To my mind, SL is never going to be able to compete with other virtual worlds from the point of view of land-cost,  so it shouldn't try.   An educator wanting to set up a secure virtual environment for his classes is always going to find it less expensive to install OpenSim on the school's computer system and do it there.    However, that way the educator won't have access to many people who can sell items, or make them to order, that the virtual school might need, and there won't be many places for the class to go on field trips.    That's one of SL's big selling points -- what people have already created here, or what they can be asked to create for -- in general -- a minimal fee that represents well under the minimum wage in most places.    

Similarly with charities -- if they just  want cheap virtual land, then SL probably isn't the place to go.   If, however, they want to have access to people, both for fundraising and in order to educate them about the charity's goals, then SL is the obvious choice, whatever the price of land.   

You mention being able to TP round the hypergrid with your inventory intact.   The reason, to my mind, why LL is opposed to it is that it involves trusting the proprietors of every single hypergrid involved to respect everyone's IP rights.   That is not a decision, obviously, that LL can take on anyone's behalf, since up to now, everyone's uploaded/created stuff on the basis it's stored on LL's equipment and no one outside SL has access to it.     That makes it pretty much impossible for LL to participate in such a scheme even if it wanted to -- it would have to assume that the default position is that inventory items can't leave LL's grid (since that's the basis on which everything's been made/uploaded for the last 10 years), and it would be an administrative nightmare.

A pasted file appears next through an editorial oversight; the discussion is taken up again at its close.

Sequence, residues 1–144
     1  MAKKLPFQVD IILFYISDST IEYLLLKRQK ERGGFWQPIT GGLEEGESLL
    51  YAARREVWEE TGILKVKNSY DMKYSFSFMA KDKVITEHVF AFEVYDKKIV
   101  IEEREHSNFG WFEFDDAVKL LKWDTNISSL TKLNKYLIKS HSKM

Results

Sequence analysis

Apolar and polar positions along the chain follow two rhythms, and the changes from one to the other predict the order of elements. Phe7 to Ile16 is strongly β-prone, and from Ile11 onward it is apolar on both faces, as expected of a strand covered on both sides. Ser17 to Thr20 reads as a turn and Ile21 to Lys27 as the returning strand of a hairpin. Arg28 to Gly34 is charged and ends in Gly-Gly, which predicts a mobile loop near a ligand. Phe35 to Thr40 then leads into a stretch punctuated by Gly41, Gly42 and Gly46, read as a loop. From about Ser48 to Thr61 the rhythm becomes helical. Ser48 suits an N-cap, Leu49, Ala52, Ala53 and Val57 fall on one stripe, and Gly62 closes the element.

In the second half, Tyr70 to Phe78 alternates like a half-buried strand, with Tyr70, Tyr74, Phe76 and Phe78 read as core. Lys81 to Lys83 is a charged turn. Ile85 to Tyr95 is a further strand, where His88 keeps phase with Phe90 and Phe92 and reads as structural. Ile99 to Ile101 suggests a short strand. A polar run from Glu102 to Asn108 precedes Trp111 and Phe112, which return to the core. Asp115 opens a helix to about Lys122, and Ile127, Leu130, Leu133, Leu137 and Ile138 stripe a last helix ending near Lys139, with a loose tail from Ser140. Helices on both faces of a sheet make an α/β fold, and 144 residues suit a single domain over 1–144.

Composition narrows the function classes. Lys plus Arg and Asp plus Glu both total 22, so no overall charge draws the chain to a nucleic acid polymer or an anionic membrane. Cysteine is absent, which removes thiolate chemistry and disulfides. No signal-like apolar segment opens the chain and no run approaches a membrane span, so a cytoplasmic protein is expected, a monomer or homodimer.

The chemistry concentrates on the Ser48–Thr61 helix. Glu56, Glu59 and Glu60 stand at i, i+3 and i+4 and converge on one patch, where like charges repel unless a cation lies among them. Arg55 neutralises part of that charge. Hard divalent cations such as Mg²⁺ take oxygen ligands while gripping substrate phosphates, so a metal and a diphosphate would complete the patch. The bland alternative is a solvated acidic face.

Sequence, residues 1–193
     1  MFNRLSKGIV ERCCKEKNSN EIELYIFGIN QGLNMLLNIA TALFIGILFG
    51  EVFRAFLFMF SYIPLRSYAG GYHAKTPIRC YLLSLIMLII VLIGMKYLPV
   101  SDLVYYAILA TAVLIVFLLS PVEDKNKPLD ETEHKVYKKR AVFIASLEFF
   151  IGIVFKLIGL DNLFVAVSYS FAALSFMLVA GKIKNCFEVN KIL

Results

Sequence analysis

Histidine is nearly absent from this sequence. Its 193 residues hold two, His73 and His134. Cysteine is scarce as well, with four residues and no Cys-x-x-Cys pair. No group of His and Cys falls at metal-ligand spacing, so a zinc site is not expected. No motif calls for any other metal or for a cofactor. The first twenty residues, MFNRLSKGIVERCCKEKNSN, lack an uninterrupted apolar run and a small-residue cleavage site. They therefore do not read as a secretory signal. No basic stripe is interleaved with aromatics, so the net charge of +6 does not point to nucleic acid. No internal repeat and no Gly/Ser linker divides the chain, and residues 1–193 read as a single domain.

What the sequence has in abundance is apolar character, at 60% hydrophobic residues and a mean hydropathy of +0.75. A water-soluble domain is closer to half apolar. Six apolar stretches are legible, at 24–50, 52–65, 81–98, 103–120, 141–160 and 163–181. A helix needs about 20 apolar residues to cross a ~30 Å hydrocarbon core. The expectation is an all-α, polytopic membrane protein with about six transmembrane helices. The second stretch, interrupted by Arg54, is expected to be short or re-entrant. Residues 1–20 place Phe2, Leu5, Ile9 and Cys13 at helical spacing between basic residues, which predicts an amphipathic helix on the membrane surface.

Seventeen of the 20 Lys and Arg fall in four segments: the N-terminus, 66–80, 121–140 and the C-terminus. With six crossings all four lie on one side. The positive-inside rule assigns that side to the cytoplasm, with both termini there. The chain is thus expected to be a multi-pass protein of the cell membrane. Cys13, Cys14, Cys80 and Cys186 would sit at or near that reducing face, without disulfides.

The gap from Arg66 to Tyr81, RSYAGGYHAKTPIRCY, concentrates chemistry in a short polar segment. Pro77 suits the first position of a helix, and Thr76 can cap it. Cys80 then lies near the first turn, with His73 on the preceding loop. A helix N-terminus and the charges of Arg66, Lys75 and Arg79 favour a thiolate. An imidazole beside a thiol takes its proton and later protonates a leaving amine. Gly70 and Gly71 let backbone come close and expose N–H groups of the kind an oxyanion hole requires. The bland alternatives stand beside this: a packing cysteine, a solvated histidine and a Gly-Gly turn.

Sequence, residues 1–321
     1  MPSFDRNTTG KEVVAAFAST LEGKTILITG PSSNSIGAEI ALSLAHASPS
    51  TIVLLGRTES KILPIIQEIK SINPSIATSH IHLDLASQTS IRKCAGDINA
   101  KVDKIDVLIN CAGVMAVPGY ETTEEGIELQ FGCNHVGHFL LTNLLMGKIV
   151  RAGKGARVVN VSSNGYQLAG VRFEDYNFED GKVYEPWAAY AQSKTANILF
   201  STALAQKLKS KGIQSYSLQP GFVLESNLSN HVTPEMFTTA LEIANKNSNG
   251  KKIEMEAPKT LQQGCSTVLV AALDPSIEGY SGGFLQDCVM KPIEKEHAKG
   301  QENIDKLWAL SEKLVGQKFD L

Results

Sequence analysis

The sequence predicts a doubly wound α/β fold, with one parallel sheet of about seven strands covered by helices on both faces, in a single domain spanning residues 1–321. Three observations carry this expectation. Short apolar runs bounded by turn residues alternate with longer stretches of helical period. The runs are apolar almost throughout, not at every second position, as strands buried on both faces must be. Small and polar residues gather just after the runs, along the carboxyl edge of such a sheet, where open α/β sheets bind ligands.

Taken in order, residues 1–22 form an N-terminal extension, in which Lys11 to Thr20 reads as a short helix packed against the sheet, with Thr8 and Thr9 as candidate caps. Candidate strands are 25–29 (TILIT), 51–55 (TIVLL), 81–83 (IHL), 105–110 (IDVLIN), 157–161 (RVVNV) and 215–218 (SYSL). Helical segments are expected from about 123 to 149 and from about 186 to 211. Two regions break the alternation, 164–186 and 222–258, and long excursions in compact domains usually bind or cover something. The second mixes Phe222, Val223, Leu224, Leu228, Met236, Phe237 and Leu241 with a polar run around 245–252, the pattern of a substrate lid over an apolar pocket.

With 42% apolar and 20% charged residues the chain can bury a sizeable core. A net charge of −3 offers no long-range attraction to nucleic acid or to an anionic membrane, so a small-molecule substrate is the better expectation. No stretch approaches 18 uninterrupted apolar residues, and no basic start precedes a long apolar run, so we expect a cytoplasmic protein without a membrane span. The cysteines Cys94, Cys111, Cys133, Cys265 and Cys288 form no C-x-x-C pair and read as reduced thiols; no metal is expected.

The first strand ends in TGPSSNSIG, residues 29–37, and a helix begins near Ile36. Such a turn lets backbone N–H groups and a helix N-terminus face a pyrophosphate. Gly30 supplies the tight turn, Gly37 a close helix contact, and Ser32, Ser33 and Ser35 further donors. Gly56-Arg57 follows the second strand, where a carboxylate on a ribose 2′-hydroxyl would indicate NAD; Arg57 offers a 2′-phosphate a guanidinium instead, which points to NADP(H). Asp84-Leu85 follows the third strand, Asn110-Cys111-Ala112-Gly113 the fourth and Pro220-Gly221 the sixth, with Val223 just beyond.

You also mention people cutting back on their landholdings.   I've had to do that recently, for various reasons.   But it doesn't mean that the income LL has thus lost has gone to other virtual worlds.   It's gone outside virtual worlds completely, as I've decided my monthly budget means that, at the moment, I can't justify spending money on sims that I could be cashing out and using to pay bills.    It never once occurred to me that I might want to go off to another grid -- what would be the point?   In this sense, LL are at the mercy of wider economic trends that affect how much people feel they can afford to spend on leisure and entertainment.   They aren't, I would argue, particularly affected by the competition's pricing.   

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Sy Beck wrote:

In conclusion it will not be long till there is a feasible and practical hypergrid in operation for all virtual worlds apart from SL when all those little communities are all interlinked and TPing from one world to another with your inventory intact and attached will be no different than TPing around the grid in SL.  LL remains though firmly against if not outright opposed to the hypergrid as it would be the death knell for their present business model.  Mainly because it would terminally accelerate the process I've described above where I could live on the cheapest land in the metaverse and create there with my SL inventory and then TP to a merchant's shop in another world for new clothes